This paper discusses the development and preliminary analysis of psychology undergraduate courses on cultural competence in relation to Indigenous Australians. The paper summarises the process that led to the formation of draft curriculum guidelines for psychology academics, including the need to critically examine the assumptions and history of Western psychology in relation to Indigenous peoples, the inclusion of non-conventional teaching and learning methods, staff and institutional support, and appropriate staff development. The paper then discusses the responses of students to one of the courses developed from these guidelines. The courses were well received by students and although they do not in themselves teach professional psychological skills in working effectively with Indigenous people, they provide a solid basis for the development of such skills. Because this is a relatively new area, it is likely that there will be much refinement of these courses in coming years.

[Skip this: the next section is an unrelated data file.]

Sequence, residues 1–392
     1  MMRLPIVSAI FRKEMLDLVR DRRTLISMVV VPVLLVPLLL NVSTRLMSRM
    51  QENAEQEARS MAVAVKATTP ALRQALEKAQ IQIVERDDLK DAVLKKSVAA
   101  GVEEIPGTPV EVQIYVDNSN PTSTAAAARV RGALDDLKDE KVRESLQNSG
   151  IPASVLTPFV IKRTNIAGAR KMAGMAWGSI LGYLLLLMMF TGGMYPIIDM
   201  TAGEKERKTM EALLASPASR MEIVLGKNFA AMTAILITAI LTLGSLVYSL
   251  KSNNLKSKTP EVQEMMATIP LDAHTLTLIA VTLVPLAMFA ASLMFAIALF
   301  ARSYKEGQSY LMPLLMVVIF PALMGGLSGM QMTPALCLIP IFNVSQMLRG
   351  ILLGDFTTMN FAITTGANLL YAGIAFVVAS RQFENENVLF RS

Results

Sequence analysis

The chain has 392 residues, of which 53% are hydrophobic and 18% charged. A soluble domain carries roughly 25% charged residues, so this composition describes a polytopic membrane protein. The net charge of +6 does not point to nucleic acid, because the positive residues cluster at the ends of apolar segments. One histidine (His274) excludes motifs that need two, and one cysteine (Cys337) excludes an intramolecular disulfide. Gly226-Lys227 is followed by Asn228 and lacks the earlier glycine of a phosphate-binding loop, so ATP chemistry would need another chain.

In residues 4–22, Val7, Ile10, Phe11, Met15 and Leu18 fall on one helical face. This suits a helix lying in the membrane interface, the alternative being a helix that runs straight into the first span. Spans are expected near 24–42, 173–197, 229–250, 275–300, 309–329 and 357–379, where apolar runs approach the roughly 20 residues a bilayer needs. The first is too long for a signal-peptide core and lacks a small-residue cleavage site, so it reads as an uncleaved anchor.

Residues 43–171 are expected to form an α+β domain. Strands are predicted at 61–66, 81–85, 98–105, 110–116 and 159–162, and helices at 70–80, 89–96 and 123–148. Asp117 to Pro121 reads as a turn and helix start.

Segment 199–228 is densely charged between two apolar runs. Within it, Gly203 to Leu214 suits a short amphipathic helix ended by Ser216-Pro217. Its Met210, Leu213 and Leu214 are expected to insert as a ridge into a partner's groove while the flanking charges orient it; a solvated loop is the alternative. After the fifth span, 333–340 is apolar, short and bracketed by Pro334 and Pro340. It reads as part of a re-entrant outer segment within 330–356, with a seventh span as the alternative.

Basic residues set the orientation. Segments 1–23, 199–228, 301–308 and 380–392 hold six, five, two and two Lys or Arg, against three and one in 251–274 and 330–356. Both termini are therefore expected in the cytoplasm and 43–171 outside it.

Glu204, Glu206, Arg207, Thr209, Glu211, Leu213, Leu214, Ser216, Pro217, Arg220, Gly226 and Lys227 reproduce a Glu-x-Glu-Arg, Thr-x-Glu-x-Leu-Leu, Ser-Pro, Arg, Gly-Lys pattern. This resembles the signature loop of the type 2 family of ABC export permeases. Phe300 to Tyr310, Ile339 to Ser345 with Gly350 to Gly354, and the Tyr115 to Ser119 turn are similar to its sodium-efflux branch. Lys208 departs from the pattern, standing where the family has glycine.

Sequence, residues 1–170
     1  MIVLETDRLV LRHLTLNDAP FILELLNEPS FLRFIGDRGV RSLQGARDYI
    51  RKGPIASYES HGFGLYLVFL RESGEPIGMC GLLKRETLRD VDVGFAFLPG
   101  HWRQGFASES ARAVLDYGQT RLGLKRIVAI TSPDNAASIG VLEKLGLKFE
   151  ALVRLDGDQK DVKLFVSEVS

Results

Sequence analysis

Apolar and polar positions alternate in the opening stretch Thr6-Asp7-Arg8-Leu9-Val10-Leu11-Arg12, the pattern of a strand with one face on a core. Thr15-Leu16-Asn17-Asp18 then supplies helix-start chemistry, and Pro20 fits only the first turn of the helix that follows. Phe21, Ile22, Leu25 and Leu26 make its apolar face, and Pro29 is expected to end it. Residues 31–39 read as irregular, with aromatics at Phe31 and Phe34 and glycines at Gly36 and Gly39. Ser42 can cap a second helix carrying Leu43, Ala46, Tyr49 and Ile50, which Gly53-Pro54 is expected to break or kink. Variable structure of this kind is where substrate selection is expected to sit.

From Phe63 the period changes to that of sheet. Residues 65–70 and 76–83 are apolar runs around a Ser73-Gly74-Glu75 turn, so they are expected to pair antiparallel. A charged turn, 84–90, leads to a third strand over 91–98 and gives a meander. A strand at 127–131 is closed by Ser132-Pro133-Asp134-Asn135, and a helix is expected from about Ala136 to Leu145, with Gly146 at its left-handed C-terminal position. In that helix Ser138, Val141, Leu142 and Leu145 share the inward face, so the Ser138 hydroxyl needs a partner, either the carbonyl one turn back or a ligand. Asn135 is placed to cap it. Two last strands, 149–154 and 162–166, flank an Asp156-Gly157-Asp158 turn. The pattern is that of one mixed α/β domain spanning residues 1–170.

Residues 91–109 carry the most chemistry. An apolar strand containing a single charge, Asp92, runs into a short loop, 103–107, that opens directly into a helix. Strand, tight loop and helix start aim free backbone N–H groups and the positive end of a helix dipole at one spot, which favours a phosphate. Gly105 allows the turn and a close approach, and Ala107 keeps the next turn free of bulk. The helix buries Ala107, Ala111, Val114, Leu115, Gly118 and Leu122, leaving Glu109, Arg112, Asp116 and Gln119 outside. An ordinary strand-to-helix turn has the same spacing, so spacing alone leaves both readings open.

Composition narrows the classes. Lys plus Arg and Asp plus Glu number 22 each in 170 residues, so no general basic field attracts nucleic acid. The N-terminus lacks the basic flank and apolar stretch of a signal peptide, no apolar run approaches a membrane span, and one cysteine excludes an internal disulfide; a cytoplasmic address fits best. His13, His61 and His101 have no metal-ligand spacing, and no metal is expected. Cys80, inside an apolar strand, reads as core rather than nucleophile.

The information contained on this website has been sourced by the Australian Indigenous Psychology Education Project (AIPEP) and AIPEP 2. The first AIPEP was funded by the Australian Government Office of Teaching and Learning. AIPEP 2 is part of the Transforming Indigenous Mental Health and Wellbeing Project, funded by the Million Minds Mission Grant. The views expressed in this website do not necessarily reflect the views of the Australian Government Office of Teaching and Learning or the Million Minds Mission Grant.
Several of the images used throughout this website are credited to Chris Lewis